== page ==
Insurance premium tax (IPT) is to increase from 4 January 2011.
The standard rate of IPT will rise from 5% to 6%.
IPT applies to private medical insurance and health cash plans. However, other long-term insurances, such as protection benefits will remain exempt from the tax as long as the policy is written on a long-term basis.
Michael Payne, general secretary of the Association of Medical Insurance Intermediaries (Amii), said: “Insurers will probably be breathing a sigh of relief today that it is only an increase to 6%.”
Chris Bailey, senior consultant in Mercer’s health and benefits business commented: “[The rise in IPT] will directly escalate the cost of providing benefits and unlike VAT it is not possible to reclaim.
“With leading insurance providers generally quoting medical insurance inflation at an average of 7-8%, the additional cost of an increase in IPT is likely to leave employers with a significant hike in premium costs – above the levels they will have budgeted for.”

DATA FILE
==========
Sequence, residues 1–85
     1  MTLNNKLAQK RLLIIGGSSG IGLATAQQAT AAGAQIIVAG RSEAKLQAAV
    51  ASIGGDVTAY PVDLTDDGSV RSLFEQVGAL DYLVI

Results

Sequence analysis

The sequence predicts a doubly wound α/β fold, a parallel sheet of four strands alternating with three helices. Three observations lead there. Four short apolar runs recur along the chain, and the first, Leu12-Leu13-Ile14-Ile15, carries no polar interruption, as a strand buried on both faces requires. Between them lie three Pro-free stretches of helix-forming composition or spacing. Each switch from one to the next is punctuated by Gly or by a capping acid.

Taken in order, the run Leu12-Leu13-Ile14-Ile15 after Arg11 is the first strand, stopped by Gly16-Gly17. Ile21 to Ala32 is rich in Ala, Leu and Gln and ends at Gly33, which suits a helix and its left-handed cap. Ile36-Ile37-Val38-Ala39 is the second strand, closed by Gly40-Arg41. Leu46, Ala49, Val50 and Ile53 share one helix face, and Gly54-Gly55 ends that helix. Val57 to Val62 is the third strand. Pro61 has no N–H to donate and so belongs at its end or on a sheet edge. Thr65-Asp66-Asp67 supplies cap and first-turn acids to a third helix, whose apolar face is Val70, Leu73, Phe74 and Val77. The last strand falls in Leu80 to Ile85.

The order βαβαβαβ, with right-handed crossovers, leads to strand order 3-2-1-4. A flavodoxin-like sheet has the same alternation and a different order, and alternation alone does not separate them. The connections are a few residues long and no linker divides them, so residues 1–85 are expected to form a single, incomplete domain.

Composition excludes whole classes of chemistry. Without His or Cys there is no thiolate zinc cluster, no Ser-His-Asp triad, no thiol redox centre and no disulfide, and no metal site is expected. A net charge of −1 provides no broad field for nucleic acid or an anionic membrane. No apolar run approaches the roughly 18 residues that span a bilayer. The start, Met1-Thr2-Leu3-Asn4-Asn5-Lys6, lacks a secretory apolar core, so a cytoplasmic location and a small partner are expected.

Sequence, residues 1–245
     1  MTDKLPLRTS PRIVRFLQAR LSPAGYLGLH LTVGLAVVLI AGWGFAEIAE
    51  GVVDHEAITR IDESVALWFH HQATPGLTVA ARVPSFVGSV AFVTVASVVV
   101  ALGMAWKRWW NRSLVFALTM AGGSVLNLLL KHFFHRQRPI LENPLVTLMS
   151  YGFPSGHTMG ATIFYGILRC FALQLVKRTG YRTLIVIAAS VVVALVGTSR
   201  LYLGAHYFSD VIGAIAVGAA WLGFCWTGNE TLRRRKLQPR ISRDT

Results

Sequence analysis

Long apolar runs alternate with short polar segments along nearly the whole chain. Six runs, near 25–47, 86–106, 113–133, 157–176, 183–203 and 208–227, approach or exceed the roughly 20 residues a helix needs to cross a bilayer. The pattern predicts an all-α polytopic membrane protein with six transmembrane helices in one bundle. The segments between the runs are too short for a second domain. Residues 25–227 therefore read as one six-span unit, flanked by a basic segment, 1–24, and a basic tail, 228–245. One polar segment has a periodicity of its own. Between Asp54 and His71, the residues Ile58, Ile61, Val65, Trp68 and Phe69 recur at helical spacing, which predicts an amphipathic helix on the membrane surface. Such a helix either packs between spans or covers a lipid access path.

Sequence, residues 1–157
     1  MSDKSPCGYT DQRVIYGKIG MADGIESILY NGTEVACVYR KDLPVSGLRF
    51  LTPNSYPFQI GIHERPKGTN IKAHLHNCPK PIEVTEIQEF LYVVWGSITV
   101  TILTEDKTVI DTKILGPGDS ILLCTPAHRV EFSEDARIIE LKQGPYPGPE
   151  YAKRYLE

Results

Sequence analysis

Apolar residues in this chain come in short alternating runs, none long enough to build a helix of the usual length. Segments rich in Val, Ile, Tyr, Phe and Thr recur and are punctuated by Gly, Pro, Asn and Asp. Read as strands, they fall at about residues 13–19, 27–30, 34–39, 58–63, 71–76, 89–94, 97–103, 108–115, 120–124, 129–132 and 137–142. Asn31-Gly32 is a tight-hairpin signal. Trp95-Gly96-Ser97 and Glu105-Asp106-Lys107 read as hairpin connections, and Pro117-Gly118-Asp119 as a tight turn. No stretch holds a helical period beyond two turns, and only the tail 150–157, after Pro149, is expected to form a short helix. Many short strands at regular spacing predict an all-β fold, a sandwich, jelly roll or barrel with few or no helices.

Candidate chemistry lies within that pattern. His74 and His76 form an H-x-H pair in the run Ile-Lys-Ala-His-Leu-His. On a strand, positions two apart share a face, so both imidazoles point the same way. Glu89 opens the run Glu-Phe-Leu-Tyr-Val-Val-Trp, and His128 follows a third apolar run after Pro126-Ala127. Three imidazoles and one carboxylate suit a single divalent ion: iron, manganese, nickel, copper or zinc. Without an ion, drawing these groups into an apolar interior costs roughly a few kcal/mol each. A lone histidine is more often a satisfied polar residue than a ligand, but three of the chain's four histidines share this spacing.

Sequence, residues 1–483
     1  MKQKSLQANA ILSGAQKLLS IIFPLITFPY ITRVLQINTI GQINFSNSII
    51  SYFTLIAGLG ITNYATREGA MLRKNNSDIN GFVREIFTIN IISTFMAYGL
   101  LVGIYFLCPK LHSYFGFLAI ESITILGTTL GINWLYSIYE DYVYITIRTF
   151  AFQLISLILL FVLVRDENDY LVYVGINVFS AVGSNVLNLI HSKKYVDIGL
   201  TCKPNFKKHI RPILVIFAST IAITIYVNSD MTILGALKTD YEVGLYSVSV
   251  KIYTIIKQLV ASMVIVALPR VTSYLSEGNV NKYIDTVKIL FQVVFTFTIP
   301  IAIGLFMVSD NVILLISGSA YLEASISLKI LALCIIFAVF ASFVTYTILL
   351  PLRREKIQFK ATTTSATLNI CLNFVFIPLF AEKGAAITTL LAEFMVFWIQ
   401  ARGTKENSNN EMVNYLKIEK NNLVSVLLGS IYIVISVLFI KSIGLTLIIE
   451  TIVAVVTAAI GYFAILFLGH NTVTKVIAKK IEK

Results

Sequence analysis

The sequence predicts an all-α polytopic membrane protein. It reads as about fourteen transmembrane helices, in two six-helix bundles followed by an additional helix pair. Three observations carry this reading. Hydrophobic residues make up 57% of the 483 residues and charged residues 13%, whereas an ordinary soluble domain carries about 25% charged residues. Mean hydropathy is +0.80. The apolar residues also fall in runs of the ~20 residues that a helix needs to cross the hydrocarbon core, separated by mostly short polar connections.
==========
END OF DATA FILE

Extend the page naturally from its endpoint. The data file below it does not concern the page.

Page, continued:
There are steps employers can take to alleviate increases in costs – for example, by providing benefits through tax-efficient vehicles such as medical benefit trusts. As a trust-based benefit is not classified as insurance, IPT is not applicable to the funds placed in trust.
Bailey said: “Medical benefit trusts are fundamentally different from purchasing a contract of insurance, but they do not need to be onerous for the employer and, if set up correctly, can permit companies to contain the key cost drivers behind medical inflation. The increase in IPT is a very strong argument for organisations in the UK to review their arrangements”.
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